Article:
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Comic Strip / Jon

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Jon, later renamed Garfield, is an obscure comic strip by Jim Davis made for an local Indiana weekly newspaper named Pendleton Times from January 1976 to February 1978, between Gnorm Gnat and the identically-titled Garfield, being a prototypical version of the latter.

In a set-up that sounds very familiar in hindsight, the comic is about a cartoonist named Jon Arbuckle and his fat, cynical housecat Garfield, who are occasionally joined by Jon's friend Lyman and his dog, Odi— sorry, "Spot". Its humor and jokes are near identical to Garfield's, down to the lasagna jokes, but the art-style is different: Jon wields a squatter face and more prominent nose, Garfield is a solid instead of a tabby and "Spot" is initially drawn with pointed ears and a triangular snout akin to a stylized chihuahua. Many of the strips were even later redone in Garfield, however there's a quite a number of comics that were thrown away, partially owing to the later strip's shift in focus from Jon to Garfield. Also notable for the comic, is that, due to Jon's protagonist status, there are several strips where the famous cat is entirely absent. However, Garfield eventually claimed the lead role by the end of 1977, mostly due to pressure from comic syndicators to rework his cat as the star, feeling that he had better lines than Jon.

During its publication, Davis attempted to sell the strip to the syndicates, being eventually retooled into its current Garfield form and picked up nationally by United Feature Syndicate in January of 1978 (the national strip would begin being published that June).

Not to be confused with the Garfield fan-comic Jon (Gale Galligan).

The entire series can be viewed in PDF format here.

Jon provides examples of:

  • Arson, Murder, and Jaywalking: Garfield sees a news story about a cat burglar getting caught. He had stolen three Persian cats, two Tom cats, four tabby cats, six fuzzy kittens... and a box of num-nums.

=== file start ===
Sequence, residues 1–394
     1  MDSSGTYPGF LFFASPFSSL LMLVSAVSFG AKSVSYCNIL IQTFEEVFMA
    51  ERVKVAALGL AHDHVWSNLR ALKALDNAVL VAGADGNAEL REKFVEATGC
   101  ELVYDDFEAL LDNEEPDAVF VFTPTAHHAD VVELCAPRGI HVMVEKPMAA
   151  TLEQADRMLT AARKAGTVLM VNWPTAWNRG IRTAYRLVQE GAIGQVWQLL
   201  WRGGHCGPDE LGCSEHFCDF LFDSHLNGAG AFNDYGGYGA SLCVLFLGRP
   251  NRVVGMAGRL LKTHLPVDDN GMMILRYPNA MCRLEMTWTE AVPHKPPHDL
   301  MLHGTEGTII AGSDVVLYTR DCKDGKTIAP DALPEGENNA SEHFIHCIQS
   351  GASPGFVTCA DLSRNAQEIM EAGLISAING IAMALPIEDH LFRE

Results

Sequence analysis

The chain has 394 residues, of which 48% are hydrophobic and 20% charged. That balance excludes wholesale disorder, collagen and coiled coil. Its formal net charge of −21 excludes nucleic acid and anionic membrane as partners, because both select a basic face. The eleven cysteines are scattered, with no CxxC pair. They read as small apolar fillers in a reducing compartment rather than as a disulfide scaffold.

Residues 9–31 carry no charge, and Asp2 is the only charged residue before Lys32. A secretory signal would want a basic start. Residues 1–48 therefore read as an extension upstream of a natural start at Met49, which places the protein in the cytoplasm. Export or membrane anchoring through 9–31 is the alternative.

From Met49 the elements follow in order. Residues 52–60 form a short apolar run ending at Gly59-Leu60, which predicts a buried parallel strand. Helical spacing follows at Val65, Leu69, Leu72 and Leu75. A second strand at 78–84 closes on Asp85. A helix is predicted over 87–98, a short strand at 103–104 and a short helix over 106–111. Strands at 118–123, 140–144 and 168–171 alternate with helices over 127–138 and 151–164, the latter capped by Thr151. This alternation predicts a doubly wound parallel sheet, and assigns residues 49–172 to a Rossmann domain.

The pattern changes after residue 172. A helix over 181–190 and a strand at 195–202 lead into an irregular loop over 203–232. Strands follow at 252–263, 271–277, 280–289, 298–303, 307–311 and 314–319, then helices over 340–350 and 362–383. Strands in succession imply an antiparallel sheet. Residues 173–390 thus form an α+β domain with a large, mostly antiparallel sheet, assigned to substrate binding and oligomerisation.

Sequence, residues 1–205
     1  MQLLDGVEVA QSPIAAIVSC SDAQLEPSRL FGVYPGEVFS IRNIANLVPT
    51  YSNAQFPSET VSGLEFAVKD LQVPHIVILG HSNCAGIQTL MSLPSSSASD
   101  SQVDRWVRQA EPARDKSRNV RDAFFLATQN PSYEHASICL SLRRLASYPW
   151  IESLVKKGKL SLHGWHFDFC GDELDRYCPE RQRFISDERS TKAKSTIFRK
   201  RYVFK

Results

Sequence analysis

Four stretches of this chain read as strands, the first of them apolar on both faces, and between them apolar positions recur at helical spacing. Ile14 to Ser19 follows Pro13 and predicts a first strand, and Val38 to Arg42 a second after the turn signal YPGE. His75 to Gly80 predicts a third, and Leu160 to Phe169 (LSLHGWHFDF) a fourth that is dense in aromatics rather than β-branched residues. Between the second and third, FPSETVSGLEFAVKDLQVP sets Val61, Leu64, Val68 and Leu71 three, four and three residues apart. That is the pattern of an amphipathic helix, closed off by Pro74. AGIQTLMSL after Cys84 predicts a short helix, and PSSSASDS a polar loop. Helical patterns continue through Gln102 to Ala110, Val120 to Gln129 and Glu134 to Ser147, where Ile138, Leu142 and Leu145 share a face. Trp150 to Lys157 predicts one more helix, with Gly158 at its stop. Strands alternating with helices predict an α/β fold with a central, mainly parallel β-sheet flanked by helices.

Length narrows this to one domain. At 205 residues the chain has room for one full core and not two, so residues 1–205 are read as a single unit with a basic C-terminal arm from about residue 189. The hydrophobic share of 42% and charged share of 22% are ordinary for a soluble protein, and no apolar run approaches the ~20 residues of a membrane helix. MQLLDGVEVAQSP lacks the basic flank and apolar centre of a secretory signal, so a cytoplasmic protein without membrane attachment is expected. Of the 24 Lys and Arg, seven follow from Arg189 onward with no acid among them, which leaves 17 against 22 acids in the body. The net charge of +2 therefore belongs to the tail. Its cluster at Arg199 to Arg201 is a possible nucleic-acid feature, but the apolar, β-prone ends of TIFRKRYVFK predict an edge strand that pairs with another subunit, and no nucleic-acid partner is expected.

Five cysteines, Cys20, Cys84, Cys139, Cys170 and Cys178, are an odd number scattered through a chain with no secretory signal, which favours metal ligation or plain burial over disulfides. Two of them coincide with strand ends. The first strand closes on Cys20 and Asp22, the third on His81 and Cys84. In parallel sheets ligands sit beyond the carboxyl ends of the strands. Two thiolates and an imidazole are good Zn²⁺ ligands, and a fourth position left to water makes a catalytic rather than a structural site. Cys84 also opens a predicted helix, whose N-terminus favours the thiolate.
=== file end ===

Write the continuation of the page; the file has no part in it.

• Art Evolution:
    • Unlike his original design, a March 1978 article announcing the successful syndication of Garfield features two "sample" strips depicting the cat with thick tabby stripes, bringing him closer to his more familiar design.
    • Jon's design also starts out being quite a bit different, although he began to approach the look he would have in the Garfield strip proper by October 1976.
  • Ascended Extra: Garfield was a minor player in early strips, although his role would be greatly expanded by 1977, the strip being renamed late that year. This was apparently at the behest of Jim Davis' editor, who pointed out that Garfield got all the best punchlines.
  • Aside Glance: Many of the punchlines are delivered with Jon or Garfield looking at the reader.
  • Be Yourself: In one strip, an ugly kitten asks for advice on how to get attention and Garfield's advice is to do that and scratch curtains.
  • Black Comedy Animal Cruelty:
    • One strip features Lyman beating up Spot as a punishment for peeing on the floor. Garfield just smugly comments "So now we know why he's called Spot".
    • Another strip is a letter from a reader who asks Garfield on how to cure their pet cat's "sniffles", trying all sorts of unorthodox methods such as swinging the cat by the tail or putting its head in a plastic bag. Garfield, after expressing disgust over the above methods, sarcastically suggests shoving a cherry bomb into the cat's nose.
  • Character Title: Both titles, Jon and Garfield.
  • Early Installment Character-Design Difference:
    • Garfield's cheeks are much bigger than normal. He's also a solid, instead of a tabby, except for his striped tail. Starting in summer 1977, Garfield's fluffy jowls were smoothed out, and by March 1978 he has his famous tabby stripes.
    • Spot's first design resembled a chihuahua, although on October 21, 1976 it abruptly changed to Odie's first design.
    • Liz looks like a completely different person, having blonde hair, no makeup, and a very innocent look that treats Jon with curiosity and fear. She's also initially identified as "that girl." After only two appearances like this, she reappears with her familiar black hair and more importantly her extreme deadpan demeanor. A few strips also featured an unnamed boyfriend that was taller than Jon.
  • Early-Installment Weirdness: